Since women’s hair loss is a more complex phenomenon, it’s important for women to see the right type of specialist and receive the appropriate treatment. “I’d say family physicians are much less experienced in general at treating women’s hair loss than they are at treating men’s hair loss,” says Pimstone. He recommends that women are better off seeing a dermatologist because they can even perform scalp biopsies if needed.


Care for your scalp

“A healthy scalp is so important, but often neglected,” says Han. “Most of the time, people are only concerned about how their hair is growing, or how it looks.” So, what does a healthy scalp look like? It’s devoid of inflammation, which shows up as redness, flaking and bumps on the surface, sometimes resulting in itching or burning. Addressing underlying medical conditions like psoriasis and eczema is key to achieving optimal scalp health as well.

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“Often, poor scalp health can be due to inflammatory mediators. You want to dampen those,” Pimstone adds. To encourage healthy hair growth, Pimstone suggests opting for ingredients including rosemary, saw palmetto, biotin, caffeine and nettle leaf. Based on laboratory studies, these ingredients are believed to have one of two key benefits: Either they lower the amount of hair loss-inducing dihydrotestosterone toxicity (DHT), or they provide anti-inflammatory benefits to the hair follicles and scalp.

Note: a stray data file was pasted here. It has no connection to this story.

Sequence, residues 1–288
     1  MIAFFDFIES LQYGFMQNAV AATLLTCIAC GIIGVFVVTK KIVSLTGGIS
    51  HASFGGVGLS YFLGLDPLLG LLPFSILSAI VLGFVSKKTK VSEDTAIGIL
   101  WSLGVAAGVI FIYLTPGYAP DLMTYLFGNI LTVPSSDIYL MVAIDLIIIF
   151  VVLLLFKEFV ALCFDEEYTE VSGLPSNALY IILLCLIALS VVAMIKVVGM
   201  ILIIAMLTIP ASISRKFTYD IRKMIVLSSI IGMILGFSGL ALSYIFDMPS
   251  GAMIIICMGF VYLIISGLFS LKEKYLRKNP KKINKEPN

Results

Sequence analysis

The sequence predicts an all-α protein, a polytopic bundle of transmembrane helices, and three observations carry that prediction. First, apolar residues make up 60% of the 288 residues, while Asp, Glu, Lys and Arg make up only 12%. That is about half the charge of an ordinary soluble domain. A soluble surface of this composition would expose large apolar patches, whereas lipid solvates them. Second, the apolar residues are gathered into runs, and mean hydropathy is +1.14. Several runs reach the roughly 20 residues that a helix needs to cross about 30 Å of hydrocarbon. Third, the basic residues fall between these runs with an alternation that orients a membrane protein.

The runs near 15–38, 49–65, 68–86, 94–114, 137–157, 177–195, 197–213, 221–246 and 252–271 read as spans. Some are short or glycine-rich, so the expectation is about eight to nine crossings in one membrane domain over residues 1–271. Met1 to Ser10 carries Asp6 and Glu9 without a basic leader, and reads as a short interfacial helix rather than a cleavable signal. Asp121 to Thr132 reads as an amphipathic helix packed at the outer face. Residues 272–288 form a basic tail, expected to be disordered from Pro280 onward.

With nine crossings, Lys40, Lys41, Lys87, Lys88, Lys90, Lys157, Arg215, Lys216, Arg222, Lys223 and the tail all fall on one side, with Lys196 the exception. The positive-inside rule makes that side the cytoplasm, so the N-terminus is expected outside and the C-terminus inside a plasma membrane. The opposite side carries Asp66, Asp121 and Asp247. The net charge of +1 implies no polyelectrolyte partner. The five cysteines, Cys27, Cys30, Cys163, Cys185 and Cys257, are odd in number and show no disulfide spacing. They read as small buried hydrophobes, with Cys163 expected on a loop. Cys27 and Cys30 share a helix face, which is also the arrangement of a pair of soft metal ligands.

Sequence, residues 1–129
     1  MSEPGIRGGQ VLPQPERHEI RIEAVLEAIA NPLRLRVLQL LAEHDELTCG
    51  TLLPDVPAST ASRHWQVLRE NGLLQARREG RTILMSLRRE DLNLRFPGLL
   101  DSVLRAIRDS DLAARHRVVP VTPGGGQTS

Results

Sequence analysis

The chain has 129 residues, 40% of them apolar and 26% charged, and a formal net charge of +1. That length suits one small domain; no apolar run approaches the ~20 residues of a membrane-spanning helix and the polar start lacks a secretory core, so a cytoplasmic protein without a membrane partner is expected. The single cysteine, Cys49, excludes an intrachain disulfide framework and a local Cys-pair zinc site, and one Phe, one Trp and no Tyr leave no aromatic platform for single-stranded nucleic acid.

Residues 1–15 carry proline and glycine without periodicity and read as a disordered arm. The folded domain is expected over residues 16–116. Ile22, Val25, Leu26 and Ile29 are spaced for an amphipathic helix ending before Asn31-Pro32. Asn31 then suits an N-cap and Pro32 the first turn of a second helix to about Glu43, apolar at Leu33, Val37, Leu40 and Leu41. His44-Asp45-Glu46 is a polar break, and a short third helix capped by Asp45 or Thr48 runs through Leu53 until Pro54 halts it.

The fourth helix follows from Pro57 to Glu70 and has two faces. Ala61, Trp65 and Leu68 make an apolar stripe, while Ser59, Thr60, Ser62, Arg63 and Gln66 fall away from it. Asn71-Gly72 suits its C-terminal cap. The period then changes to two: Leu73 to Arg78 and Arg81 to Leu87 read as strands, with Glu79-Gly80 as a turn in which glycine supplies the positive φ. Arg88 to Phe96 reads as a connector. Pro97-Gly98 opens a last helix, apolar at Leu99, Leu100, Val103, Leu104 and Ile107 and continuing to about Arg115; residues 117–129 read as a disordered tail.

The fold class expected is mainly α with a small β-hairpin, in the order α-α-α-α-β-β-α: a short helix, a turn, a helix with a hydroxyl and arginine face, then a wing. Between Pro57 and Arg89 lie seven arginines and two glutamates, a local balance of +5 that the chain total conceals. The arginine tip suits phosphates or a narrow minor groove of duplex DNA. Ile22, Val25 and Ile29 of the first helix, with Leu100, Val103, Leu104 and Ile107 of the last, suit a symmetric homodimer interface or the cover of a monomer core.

Infused with rosemary oil, caffeine and biotin, this powerhouse ProBliva formula promotes thicker, longer and fuller hair, giving you the mane you’ve always dreamed of.


Steer clear of lathery shampoos

For non-prescription products like shampoo and conditioner, the fewer synthetics as possible the better—particularly synthetic sulfates and parabens. “These can be toxic ingredients—potentially cancer-causing,” warns Pimstone. Selecting a paraben- and sulfate-free formula provides peace of mind and will keep your scalp and hair feeling happy.

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Contrary to popular belief, a shampoo’s efficacy is not determined by its lathering ability. In fact, an abundance of that much-adored lather may indicate the presence of sulfates and other undesirable compounds. But don’t despair—striking a balance is attainable, according to Pimstone. “Somewhere in between, you can still get a decent lather.” While it may not be the most luxurious feel of a shampoo, opting for a milder formula ensures better ingredients for your scalp.


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As a physician-founded company, Xyon has hair care offerings that truly deliver—including this indulgent Activate Performance Shampoo. Cleanse from root to tip with hair-loving ingredients that also help nourish and protect strands from thinning and aging. Vitamin E, white nettle, ginseng and honey locust seed come together in one velvety lather.


OUAI’s Apple Cider Vinegar Shampoo is a weekly detox for itchy scalps and product build-up. Chelating agents remove hard water deposits, while apple cider vinegar clarifies, restoring volume, bounce and shine.